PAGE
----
First phase of Sentinel data center under way

Feb. 11, 2013 @ 06:35 AM

The cost of an initial portion of the first phase of construction of Sentinel Data Center’s large, multi-tenant data center in a former window manufacturing facility is more than $17 million, according to building estimates from the city inspections department.
Todd Aaron, Sentinel’s co-founder and co-president, said the company is building out the first, 120,000-square-foot phase of the data center at 2223 Northeast Creek Parkway. The work includes structural upgrades as well as installation of mechanical and electrical equipment. The first phase is expected to be complete in the second quarter.
“First off, we’re doing a significant structural upgrade to the building – really beefing it up from a resiliency standpoint, adding steel cross bracing to the structure, and a new heavy duty roof, things like that,” Aaron said. “The bulk of the project is buying and installing electrical and mechanical gear that supports the data center environment for our users.”
New York-based Sentinel bought the 420,000-square-foot building in Durham for $24 million in October. The $17 million cost is for an initial portion of the construction of the first phase. The company expects to spend a total of about $200 million.
Last year, the Durham County Board of Commissioners approved offering an $800,000 incentive to entice the company to locate the center here.
The facility in Durham where the company is building the data center previously housed a Silver Line Building Products window manufacturing plant. In 2008, a state agency received notification the plant was closing and 428 workers were losing their jobs.
There is currently another tenant leasing part of the building on a short-term basis, a spokesman for Sentinel said in an email. A warehousing business occupies about 300,000 square feet of the building, said Chris Norvell, senior vice president of the capital markets group for the commercial real estate brokerage firm Thalhimer in Raleigh.
Sentinel bought the building from the private equity and real estate firm The Silverman Group, which had sold Silver Line in 2006 to Andersen Corp., a window and door manufacturing company.  Silverman had kept ownership of the building, and leased it back out for Silver Line’s operations.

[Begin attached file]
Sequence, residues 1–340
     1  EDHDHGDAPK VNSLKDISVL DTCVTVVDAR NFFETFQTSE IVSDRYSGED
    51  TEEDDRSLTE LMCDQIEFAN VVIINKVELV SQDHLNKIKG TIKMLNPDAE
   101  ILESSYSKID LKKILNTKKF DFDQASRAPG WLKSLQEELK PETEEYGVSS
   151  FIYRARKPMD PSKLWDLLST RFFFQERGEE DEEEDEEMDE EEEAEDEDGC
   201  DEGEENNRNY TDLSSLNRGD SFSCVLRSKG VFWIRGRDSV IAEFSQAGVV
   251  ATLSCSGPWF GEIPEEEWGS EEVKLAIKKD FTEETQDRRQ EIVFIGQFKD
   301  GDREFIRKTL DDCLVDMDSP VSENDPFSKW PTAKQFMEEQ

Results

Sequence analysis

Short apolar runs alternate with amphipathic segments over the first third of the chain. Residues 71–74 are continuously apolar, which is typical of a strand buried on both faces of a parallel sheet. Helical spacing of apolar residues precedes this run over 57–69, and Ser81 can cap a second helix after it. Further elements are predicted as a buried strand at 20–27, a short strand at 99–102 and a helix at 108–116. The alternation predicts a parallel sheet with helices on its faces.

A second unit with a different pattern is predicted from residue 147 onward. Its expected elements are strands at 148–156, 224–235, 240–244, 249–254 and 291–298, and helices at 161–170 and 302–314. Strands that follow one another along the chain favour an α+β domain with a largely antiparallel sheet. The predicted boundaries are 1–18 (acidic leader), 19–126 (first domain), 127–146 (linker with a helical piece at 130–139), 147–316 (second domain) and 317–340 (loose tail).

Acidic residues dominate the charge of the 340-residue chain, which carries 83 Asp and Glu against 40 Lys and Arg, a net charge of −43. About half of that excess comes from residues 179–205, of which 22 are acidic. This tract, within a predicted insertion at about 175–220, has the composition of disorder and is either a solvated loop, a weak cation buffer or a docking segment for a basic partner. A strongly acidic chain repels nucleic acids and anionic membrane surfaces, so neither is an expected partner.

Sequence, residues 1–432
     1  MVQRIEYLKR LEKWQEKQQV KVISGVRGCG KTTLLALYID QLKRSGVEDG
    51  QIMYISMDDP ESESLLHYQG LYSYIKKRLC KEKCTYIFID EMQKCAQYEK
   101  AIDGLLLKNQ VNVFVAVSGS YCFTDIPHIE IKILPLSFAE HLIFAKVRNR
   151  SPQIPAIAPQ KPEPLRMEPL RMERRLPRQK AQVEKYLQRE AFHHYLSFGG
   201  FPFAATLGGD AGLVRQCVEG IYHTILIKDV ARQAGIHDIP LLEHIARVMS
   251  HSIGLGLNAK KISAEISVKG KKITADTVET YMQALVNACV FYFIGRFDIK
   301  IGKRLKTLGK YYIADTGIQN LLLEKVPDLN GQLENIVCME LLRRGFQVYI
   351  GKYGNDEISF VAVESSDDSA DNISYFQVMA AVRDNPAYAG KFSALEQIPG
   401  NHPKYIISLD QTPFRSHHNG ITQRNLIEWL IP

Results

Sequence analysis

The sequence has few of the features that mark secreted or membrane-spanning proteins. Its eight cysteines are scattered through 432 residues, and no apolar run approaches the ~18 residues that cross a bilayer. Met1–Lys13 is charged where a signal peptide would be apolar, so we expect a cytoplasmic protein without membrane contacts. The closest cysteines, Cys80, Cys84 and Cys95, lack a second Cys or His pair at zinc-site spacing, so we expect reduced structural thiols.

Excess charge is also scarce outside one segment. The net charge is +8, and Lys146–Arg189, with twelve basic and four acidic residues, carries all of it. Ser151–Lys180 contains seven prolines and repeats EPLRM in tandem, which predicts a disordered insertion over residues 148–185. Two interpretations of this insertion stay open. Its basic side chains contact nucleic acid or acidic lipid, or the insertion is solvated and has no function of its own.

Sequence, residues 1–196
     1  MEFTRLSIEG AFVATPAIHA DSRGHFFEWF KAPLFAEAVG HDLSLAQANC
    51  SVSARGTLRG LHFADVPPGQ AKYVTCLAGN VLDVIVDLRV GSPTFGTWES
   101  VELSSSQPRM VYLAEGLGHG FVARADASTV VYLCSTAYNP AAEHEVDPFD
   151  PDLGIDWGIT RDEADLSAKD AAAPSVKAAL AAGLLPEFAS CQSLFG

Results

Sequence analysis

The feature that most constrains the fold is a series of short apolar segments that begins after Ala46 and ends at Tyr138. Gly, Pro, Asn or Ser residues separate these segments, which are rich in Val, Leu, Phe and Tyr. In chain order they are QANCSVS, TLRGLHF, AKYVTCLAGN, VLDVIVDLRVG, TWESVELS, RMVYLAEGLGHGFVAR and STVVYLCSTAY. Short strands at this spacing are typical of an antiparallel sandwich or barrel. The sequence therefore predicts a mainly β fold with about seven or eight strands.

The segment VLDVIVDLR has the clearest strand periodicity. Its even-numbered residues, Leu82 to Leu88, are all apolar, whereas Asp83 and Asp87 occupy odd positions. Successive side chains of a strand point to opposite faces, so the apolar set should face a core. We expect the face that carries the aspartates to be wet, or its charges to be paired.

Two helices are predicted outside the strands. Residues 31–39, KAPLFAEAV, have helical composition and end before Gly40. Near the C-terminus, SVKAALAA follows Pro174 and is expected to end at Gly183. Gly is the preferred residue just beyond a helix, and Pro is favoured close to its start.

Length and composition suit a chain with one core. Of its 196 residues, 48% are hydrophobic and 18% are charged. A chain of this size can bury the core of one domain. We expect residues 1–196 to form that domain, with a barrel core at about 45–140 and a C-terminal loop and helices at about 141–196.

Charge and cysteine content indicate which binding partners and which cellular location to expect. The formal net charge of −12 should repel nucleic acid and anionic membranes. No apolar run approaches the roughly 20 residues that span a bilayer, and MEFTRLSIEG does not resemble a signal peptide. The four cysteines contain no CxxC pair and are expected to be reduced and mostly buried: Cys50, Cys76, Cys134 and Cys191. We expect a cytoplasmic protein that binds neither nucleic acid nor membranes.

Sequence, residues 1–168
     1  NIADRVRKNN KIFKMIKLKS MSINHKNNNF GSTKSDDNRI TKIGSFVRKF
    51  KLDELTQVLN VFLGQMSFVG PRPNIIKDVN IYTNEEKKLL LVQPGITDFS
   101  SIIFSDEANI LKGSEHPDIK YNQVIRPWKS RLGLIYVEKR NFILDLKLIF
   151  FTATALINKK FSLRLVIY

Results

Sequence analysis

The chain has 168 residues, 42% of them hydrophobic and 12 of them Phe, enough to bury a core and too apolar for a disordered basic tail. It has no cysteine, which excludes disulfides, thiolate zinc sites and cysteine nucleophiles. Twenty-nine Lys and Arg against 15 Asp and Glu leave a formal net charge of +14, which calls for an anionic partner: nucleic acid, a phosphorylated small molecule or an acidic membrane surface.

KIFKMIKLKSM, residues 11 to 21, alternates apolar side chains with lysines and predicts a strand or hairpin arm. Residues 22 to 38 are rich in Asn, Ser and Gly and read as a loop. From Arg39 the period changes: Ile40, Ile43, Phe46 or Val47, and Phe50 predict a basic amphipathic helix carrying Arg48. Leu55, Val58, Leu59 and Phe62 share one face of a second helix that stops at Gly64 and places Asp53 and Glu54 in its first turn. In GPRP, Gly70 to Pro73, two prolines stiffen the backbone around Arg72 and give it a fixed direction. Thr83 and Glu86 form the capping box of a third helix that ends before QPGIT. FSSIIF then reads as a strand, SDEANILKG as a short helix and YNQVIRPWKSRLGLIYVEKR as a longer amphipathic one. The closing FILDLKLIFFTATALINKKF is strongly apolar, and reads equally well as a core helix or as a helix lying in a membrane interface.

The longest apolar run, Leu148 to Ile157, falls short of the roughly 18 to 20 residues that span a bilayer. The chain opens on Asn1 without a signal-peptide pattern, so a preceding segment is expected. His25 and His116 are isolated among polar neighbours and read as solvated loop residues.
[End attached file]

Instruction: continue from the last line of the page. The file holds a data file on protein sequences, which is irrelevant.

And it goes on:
Norvell, who represented the seller in the sale to Sentinel, said that after Silver Line discontinued operations at the plant, part of the building was subleased to the warehousing business.
Sentinel plans to build out the entire facility for data center use, but in multiple phases. Ultimately the company is planning for the facility to have 200,000 square feet of usable computer room space, and the remaining square footage will be used for offices, mechanical and electrical equipment, and other uses.
The facility will employ about 20, Aaron said. They’re now “bringing online” the facility’s senior operating team, he said. The rest of the staff will be added in the next few months, he said.
The company is providing a facility with necessary mechanical, electrical, security and other infrastructure. The company’s customers would bring in their servers, storage devices and network gear.
He said that generally, as companies have realized the “importance of their IT infrastructure,” they’ve also realized “that stuff should be located in a facility that’s purpose-built to never go down.”
Aaron said that previously, companies would store that equipment in “IT closets, or computer closets in office spaces,” but he said that as the company grew its infrastructure, the computer room got “bigger and bigger” and companies ran into issues with security, cooling and power capacity.
He said he believes the company’s data center in Durham is the “next sort of evolution” following the development of data centers in the state by Google Inc., Facebook and Apple Inc.
He said the same factors that drove those users to the state drove Sentinel, including utility infrastructure, low power costs, and a technology-oriented workforce.
“We’re giving (customers) the ability to leverage all the benefits and economies of scale that come from building at the largest scale in North Carolina,” he said.
This will be the fifth data center that Sentinel has owned and operated. The company has sold three of those five, however, and still owns one in New Jersey.